NH3 and pour it directly liquid from a baby-sized tank into a wide-mouth Erlenmeyer, then throw some Na until the stuff is blue, no moisture exclusion, no cooling (ammonia high heat of vaporisation takes care of that). The major barrier on plant is cooling, -50°C is a challenge for most chillers in the lab but at scale its unachievable.

Were you trying to purify the ammonia by condensing it on a cold-finger? This new paper (from a group at China Agricultural University) describes an ammonia-free (and indeed, amine-free) variant of the reaction – you use commercial sodium dispersion with a crown ether in isopropanol, and you can do it all at zero degrees C, as opposed to the -30 or so you have (at most) in liquid ammonia. I have used the Na/silica for a diester coupling and it works very well, but so does Na/xylene if you can get the Na to stay as fine particles (once shook a few hundred grams of Na in 120C xylene by hand….. That was pre-health and safety). They’re looking at this system to replace the more toxic/less sustainable systems for using solvated electrons as reducing agents.

I have a respirator which is rated for ammonia that I purchased online in preparation for this reaction. I thought the trialkyl substituted electron rich benzene in the substrate was to blame for the slow rate but now I realize maybe I used too pure lithium metal. In this case, the reaction is done fairly concentrated (more so than the ammonia ones), and the authors just do an ether/brine extraction without evaporating the isopropanol away. I did my first Birch under the tutelage of a fantastic post-doc who called it The Ty-D-Bol Reaction; since then, so do I. I never thought about that ! Thank you for that answer. We regularly see blue solvated electrons in synchrotron experiments. I once worked on Birch reduction of dehydroabietane skeleton with Li/tBuOH/THF in refluxing liquid ammonia – it worked but it was painfully slow (36 hours to completion, even with huge excess of Li that formed liquid shiny Li bronze solution at the high concentration at the top layer, separating from the less Li rich deep blue layer bellow. The reaction is named after the Australian chemist Arthur Birch. . Bouveault Blanc reduction (sodium metal, liquid ammonia, ethanol) is pretty damned green chemistry. A word of caution: pure ammonia, in either its gaseous or liquified form is extremely dangerous to handle, especially in the context of your 'hobby' where, in your own words you "don't have access to a ton of glassware or specialty equipment."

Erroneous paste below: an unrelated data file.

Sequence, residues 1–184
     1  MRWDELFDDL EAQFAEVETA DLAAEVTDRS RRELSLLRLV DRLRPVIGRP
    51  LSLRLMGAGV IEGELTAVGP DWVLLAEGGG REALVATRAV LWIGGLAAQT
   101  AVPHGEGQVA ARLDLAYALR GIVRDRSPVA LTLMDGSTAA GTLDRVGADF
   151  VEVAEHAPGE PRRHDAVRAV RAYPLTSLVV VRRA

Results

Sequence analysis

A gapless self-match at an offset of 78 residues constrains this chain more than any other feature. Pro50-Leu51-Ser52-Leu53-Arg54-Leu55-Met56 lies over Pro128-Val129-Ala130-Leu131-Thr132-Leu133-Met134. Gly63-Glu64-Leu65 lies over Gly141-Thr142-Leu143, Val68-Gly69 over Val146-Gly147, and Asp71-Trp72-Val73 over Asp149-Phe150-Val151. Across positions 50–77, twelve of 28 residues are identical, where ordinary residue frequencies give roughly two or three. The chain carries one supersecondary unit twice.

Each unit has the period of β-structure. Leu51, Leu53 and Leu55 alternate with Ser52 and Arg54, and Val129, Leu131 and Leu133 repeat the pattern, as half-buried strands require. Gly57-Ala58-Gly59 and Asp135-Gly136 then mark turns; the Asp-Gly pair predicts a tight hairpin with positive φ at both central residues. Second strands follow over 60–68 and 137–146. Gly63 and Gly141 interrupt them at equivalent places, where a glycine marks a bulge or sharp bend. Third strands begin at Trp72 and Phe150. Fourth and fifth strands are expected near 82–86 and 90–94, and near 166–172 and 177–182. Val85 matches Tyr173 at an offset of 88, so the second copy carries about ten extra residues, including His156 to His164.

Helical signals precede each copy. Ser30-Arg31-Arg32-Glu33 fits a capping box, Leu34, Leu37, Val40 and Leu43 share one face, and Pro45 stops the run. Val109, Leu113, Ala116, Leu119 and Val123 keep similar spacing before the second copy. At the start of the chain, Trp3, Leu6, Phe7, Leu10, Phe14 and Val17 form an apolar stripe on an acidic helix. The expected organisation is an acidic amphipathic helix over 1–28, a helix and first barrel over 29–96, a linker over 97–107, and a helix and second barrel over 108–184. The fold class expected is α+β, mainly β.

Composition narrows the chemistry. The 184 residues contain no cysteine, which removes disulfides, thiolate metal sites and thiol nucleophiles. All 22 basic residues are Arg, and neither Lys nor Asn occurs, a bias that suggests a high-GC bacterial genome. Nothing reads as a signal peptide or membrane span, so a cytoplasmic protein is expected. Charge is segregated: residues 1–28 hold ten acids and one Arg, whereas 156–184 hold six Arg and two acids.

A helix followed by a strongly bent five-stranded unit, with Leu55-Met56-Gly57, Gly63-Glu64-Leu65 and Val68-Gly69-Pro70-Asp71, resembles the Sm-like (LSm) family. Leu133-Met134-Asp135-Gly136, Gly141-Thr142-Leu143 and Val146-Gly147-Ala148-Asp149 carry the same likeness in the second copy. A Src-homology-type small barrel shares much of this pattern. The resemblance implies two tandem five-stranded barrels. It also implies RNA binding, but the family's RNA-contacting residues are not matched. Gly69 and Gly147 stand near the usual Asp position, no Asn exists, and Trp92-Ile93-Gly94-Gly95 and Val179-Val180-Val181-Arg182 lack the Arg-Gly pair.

What does it mean when something is said to be "owned by taxpayers"? I used the cold finger to condense bromotrifluoroethylene, chlorotrifluoroethylene and 1,1,2,3,3,3-hexafluoropropene. Birch Reduction Reaction is an organic reaction which is used to produce cyclohexadienes from aromatic compounds. Chemical & Engineering News will not share your email address with any other person or company. The only way is liquid nitrogen, which is more expensive that you might think and also sends most chemical engineers into meltdown.

A novel protocol for a significantly improved, practical, and chemoselective ammonia-free Birch reduction mediated by bench-stable sodium dispersions and recoverable 15-crown-5 ether is reported. And condensing ammonia always seems like a magic trick, as the clear liquid just appears on the dry ice cold finger and drips down into the flask.

Stack Exchange network consists of 176 Q&A communities including Stack Overflow, the largest, most trusted online community for developers to learn, share their knowledge, and build their careers. Birch reduction runs ammonia-free The new Birch conditions reduce aromatic, heteroaromatic, alkenyl and alkynyl compounds. Some people didn’t get back in until the next day so had to stay with friends. When cooled to -78C, HCN precipitates from toluene as beautiful needles. The most interesting to work with was definitely the Cesium variants. Why can't terminal alkynes take part in Birch reduction? We produced liquid ammonia not by distillation but by inverting the ammonia tank and drawing the liquid from the bottom. I genuinely would like to be updated. rev 2020.11.24.38066, The best answers are voted up and rise to the top, Chemistry Stack Exchange works best with JavaScript enabled, Start here for a quick overview of the site, Detailed answers to any questions you might have, Discuss the workings and policies of this site, Learn more about Stack Overflow the company, Learn more about hiring developers or posting ads with us. The crown ether takes on ammonia’s role for the most part; it mixes with a bench-stable sodium dispersion to form the solvated electrons that reduce the substrates and give the reaction its signature blue hue. I just came across this reference for example: Advice for getting a paper published as a highschooler, Baby proofing the space between fridge and wall. I gather you have other reasons to be averse to dichloromethane … “Chiracel column” springs to mind … .